2.2. Conformal mapping of dispersion relationship

Equation (1) defines a conformal map −g(α, υ) from the complex υ space to the complex permittivity εm/εo (εm = εr + i) space for cones (The dielectric permittivity εo of the outside medium will be set to unity for simplicity). The CPR sustainable region (grey area in Fig. 1(a)) is confined within the bold curve (the image of υr = 1) and the horizontal axis. The point (εm/εo=εro=g(α,12)) on the real line of the complex permittivity plane, which is the image of υ12+0i, corresponding to the most singular CPR mode with vanishing wave number κ, is a branch point of the conformal map (dg(α, υ)/ = 0, marked as a solid circle in Fig. 1(a)). Another limit point (εr = −1, εi = 0,marked as an open circle in Fig. 1(a)) of the conformal map corresponds to the common large υr limit for the pure dielectric (the image of the most singular mode with infinite imaginary part υ12+i).

Maximum EM field intensification occurs at the real permittivity axis from the branch point to the limit point (εro < εr < −1). The gold permittivity data of classical Drude free electron theory [13

13. J. M. Pitarke, V. M. Silkin, E. V. Chulkov, and P. M. Echenique, “Theory of surface plasmons and surface-plasmon polaritons,” Rep. Prog. Phys 70, 1–87 (2007) [CrossRef] .

] is plotted as a dashed line in Fig. 1(a), whose imaginary permittivity decreases monotonically with frequency. At high frequency where εi ∼ 0 and when maximum possible intensification occurs, CPR of Drude conical nanotips hence exhibits a continuous band of resonant frequencies, whose corresponding real permittivies vary from εro to −1. This continuous broad band of resonant frequency is unique to conical nanotips due to their continuous change of length scale, while finite length scale of smooth nanoparticles only exhibits discrete and sharp resonance frequency. The intensification exponents 1 −υr computed from Eq. (1) for a Drude gold cone are shown as solid curves in Fig. 1(b) for different angles and wavelengths λ of incident light. The entire solar spectrum is excited at small angles. In contrast, the extinction spectrum for a single nanosphere [2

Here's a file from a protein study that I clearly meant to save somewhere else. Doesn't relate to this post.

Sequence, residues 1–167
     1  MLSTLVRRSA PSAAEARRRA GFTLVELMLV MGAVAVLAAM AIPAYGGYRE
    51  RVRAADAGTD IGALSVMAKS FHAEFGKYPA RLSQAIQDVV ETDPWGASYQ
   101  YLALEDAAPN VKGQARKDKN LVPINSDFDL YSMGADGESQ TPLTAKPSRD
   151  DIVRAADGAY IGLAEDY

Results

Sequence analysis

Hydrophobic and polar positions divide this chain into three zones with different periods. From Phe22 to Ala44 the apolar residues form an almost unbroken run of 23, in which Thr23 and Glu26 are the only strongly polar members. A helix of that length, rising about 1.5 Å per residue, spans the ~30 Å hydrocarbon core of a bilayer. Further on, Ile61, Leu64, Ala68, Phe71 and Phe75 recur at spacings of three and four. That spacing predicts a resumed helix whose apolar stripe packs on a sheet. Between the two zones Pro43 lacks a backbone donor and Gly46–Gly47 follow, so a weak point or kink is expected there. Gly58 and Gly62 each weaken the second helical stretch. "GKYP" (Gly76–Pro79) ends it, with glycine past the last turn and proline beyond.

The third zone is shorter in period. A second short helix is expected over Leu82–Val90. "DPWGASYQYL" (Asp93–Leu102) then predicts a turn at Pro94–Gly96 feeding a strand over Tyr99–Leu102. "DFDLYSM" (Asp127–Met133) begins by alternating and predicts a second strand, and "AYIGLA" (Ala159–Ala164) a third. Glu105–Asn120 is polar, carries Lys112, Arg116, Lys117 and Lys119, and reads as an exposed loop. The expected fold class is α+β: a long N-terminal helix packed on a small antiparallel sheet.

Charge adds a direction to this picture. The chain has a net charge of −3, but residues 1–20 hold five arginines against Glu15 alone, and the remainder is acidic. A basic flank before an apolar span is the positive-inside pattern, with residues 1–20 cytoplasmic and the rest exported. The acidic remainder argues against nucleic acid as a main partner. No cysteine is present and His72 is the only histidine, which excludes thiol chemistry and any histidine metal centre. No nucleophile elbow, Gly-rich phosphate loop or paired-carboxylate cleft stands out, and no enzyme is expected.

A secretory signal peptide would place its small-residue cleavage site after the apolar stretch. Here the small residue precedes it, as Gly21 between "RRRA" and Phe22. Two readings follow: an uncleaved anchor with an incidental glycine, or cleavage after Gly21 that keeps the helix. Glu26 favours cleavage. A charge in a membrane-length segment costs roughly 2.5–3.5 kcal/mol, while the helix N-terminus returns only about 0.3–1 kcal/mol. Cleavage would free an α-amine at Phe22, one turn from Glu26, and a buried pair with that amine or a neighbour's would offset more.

2. X. Lu, M. Rycenga, S. Skrabalak, B. Wiley, and Y. Xia, “Chemical synthesis of novel plasmonic nanoparticles,” Annu. Rev. Phys. Chem. 60, 167–192 (2009) [CrossRef] .

] has a bandwidth that is 1/10 of the broadband CPR spectrum for conical nanotips. Empirical gold permittivity data which includes conduction loss due to electron interband transition [16

16. P. B. Johnson and R. W. Christy, “Optical constants of the nobel metals,” Phys. Rev. B 6, 4370–4379 (1972) [CrossRef] .

] are also inserted as open circles in Fig. 1(a). The imaginary (loss) permittivity of gold exhibits a minimum with respect to frequency which suggests a global resonant frequency for these metals instead of the continuous band of resonant frequencies for Drude-type metals. Nevertheless, the scattering feature of the cone still suggests a large bandwidth of excited/scattered light around the global resonant frequency.

2.3. Global resonance frequency

As field focusing at small cone angles can increase both the field intensity and also the conductive loss, an optimal angle is expected. Conversely, the ratio −εi/εr of the material determines the energy loss-storage ratio of the system [17

17. F. Wang and Y. Shen, “General properties of local plasmons in metal nanostructures,” Phys. Rev. Lett. 97, 206806 (2006) [CrossRef] [PubMed] .

], thus should determine the global resonant frequency discussed above. Contour lines of constant EM field intensification exponent 1 − υr computed from Eq. (1) for a gold cone with the permittivity model of [16